In the account of Deborah and Barak we find details relating to the experience of a woman called to the prophetic office similar to those concerning men called to the same position. She held a place commanding the respect of the nation, and filled it in a worthy manner. She spoke the word of the Lord with authority to a leader in the nation. She gave predictions as to what might be expected in the future, and these predictions were fulfilled. She did not hesitate to follow the course of action she had pointed out for others. She pressed boldly forward in the assurance that God had spoken to her, and through her to Israel. Brief as is the account of Deborah’s part in the drama, it is a revelation of the kind of responsibility the Lord laid upon women as well as men in ancient times. Whether the messenger was male or female was immaterial, the messages bore the same weight and were to be accepted without prejudice and put into practice. The story of Deborah is the fullest account we have of a prophetess in Bible times. APAY 120.2

Huldah. Josiah’s days were days of change, for the young king was a true reformer. He plunged wholeheartedly into the work. First he tore down the idols and the places of idol worship, then he renovated the temple and prepared it to fill its rightful place for the nation. In the process of directing the restoration of the temple, Hilkiah, the high priest, came upon “the book of the law” from the description of its contents it must have been Deuteronomy, “repetition of the law.” He passed the scroll to Shaphan the scribe, who in turn read it to the king. Josiah had not before read the book, and as he listened he was stirred. He had endeavored to bring about a reformation, but now the need came home to him with a force he had not sensed before. He decided that he must learn more about the message of the book, and what it meant to him and his people. Hilkiah and a group of Josiah’s counselors heard this command: “Go ye, inquire of the Lord for me, and for the people, and for all Judah, concerning the words of this book that is found.” 2 Kings 22:13. APAY 121.1

The action of the high priest and his companions in response to the injunction, “Go ye, inquire of the Lord for me,” is significant. “So Hilkiah the priest, and Ahikam, and Achbor, and Shaphan, and Asahiah, went unto Huldah the prophetess; ... and they communed with her.” 2 Kings 22:14. For them to inquire of the Lord signified to inquire of the prophet, and in this case they turned to a woman to make their inquiry. The interest in this incident is heightened when we realize that by this time Jeremiah had been a prophet in Judah for five years. Compare 2 Kings 22:3 and Jeremiah 1:2. Huldah was held in high esteem by the king and the important delegation he sent to her. APAY 121.2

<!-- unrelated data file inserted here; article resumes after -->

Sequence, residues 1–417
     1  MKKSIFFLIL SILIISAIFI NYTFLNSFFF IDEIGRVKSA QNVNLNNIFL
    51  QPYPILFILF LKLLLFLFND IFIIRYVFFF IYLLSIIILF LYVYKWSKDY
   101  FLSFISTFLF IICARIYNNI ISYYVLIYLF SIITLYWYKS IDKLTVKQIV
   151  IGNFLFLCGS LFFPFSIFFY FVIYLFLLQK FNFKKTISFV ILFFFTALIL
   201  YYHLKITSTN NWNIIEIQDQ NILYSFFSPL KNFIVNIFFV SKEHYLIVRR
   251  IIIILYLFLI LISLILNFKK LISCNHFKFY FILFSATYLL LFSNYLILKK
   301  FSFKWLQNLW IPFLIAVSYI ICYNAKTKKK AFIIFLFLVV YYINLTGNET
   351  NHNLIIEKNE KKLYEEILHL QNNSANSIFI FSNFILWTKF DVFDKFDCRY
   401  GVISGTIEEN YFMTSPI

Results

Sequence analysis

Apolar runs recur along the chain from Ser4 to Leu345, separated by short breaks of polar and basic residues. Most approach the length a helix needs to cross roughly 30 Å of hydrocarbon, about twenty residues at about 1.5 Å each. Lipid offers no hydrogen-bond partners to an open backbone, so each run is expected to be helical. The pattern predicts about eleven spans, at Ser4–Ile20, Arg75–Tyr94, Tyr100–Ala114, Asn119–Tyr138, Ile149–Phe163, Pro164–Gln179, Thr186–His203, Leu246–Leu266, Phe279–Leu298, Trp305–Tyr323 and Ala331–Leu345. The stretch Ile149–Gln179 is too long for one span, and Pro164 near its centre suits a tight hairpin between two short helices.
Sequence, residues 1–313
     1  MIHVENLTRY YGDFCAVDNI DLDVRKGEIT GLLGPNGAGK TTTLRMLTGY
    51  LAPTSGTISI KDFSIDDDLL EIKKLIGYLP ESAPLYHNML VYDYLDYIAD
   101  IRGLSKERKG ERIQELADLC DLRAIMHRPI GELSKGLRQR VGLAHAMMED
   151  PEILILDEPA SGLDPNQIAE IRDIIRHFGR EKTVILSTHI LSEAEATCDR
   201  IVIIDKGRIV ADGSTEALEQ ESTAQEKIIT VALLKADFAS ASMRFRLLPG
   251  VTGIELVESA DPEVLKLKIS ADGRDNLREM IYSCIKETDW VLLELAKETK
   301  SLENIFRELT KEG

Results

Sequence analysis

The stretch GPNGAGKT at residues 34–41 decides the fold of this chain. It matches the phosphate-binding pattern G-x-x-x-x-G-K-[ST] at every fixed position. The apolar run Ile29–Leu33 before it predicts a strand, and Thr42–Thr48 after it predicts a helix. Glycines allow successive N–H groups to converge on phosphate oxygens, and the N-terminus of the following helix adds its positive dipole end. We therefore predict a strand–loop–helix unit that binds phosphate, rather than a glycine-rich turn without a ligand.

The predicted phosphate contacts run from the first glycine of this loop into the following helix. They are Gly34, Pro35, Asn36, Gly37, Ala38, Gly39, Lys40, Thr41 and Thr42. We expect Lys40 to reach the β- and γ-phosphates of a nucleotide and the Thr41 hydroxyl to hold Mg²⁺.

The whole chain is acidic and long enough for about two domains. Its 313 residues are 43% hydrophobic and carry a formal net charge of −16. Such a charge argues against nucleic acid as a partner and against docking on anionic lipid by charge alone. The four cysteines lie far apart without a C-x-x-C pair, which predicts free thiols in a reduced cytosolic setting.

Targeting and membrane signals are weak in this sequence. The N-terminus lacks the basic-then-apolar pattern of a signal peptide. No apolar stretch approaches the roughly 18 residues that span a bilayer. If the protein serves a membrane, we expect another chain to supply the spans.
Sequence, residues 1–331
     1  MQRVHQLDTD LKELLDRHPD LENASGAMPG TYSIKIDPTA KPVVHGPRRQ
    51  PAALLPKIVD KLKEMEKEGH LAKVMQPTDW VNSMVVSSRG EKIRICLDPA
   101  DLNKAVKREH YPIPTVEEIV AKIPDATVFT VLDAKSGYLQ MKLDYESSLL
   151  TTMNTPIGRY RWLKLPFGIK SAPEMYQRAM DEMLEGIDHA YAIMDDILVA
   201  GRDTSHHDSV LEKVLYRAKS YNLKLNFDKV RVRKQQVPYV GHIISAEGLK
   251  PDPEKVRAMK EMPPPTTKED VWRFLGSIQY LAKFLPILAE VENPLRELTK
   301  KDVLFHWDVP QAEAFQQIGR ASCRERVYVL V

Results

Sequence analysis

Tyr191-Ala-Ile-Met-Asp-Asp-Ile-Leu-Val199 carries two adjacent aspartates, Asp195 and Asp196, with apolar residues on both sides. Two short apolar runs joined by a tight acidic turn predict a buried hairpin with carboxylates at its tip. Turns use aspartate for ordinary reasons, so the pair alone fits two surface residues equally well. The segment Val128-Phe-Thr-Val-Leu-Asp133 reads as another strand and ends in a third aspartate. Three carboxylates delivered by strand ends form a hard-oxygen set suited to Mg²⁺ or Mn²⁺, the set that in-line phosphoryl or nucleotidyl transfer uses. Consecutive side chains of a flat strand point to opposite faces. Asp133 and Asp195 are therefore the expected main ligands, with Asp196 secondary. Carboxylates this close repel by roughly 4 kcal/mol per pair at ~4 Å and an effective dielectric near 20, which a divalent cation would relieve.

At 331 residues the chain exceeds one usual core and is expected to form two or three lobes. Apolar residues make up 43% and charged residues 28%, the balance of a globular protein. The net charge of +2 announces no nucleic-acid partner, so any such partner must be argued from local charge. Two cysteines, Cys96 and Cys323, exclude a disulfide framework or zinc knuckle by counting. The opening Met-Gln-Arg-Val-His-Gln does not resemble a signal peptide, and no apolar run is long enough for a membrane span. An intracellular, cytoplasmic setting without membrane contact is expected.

Huldah could offer no hope that the threatened judgments would be withheld. Conditions at that time did not warrant God’s application of the principle of Jeremiah 18:7-10, in which He promised to change His course of action if the life of the nation changed. “My wrath shall be kindled against this place, and shall not be quenched.” 2 Kings 22:17. However, she predicted that because of Josiah’s humility of heart, the destruction would not take place in his lifetime (verses 19, 20). This prophecy was subsequently fulfilled. APAY 122.1

Again, as in the case of Deborah, the Bible record makes plain that when the Lord bestowed on Huldah the prophetic gift, she was accepted by the people without question. King, high priest, and counselors were willing and eager to turn to the prophetess to gain a deeper understanding of Moses’ words, written under inspiration of God and now part of the sacred writings of Israel. She opened their eyes regarding the things already written, and with the help of the Holy Spirit made additional predictions. Her message was not challenged, for the fact that she was a prophetess had already been firmly established, and her word of instruction was accepted as counsel from the Lord. APAY 122.2

Noadiah. In Nehemiah 6:14 we read the words of Nehemiah, “My God, think Thou upon Tobiah and Sanballat according to these their works, and on the prophetess Noadiah, and the rest of the prophets, that would have put me in fear.” Noadiah is included in this list of prophetesses only because she is mentioned by that term. We know nothing of her except what is told in this one verse. She was associated with Sanballat, the governor of Samaria, and Tobiah, his servant, in their opposition to the rebuilding of the wall of Jerusalem under the leadership of Nehemiah. Since she is grouped with “the rest of the prophets” by Nehemiah, it may be that she claimed to be a prophetess of God among the Samaritans. APAY 122.3

Isaiah’s wife. In speaking of his wife, Isaiah calls her “the prophetess.” Isaiah 8:3. On what basis he does this we do not know, as this is the only reference to her, and the statement is not made in connection with any work of a prophetess, but simply in reference to the birth of a son. APAY 123.1

Anna. When Joseph and Mary took the Baby Jesus to the temple for the prescribed service of dedication, they met not only the priest who performed the service, but two other persons who were present. One of these was Simeon, who was led to the temple by the Holy Spirit (Luke 2:27), and who pronounced a blessing on the child. He also made a prediction regarding the future of the child and the sorrow that would come to Mary. In addition to Simeon, they met “one Anna, a prophetess, the daughter of Phanuel, of the tribe of Aser.” Verse 36. Anna was an aged widow, of the tribe of Asher, famous, according to tradition, for the intelligence and beauty of its women. Her life was dedicated to prayer and spiritual service. Along with Simeon, she recognized in the child the promised Redeemer. Following the most natural procedure for one with such a conviction, she “spake of Him to all them that looked for redemption in Jerusalem.” Verse 38. No added light is shed on Anna’s service as a prophetess, but it is evident that, as one possessing the gift of prophecy, her recognition of the Messiah was not dependent upon this incident in the temple. APAY 123.2

Philip’s daughters. Luke’s note in Acts 21:9 is a brief one. In speaking of Philip the evangelist, who was one of the original seven deacons, he said, “And the same man had four daughters, virgins, which did prophesy.” This is the only occasion where they are mentioned. However, prophecy was not an uncommon gift in the early church. Paul indicates that among the spiritual gifts it was one to be greatly desired, 1 Corinthians 14:1. It must have been clear in the minds of those who knew these women that they possessed the gift of prophecy. APAY 124.1

These are the women whom the Bible writers call prophetesses. Despite our limited knowledge of them and their activities, several vital points are apparent. While they are fewer in number than the male prophets, yet there is every reason to believe that their sex caused no distinction to be made in their prophetic function. They are pictured as leading the nation, explaining the Scriptures, counseling leaders, and making predictions. They were recognized as God’s spokesmen, and their testimonies were accepted as the messages of Jehovah. APAY 124.2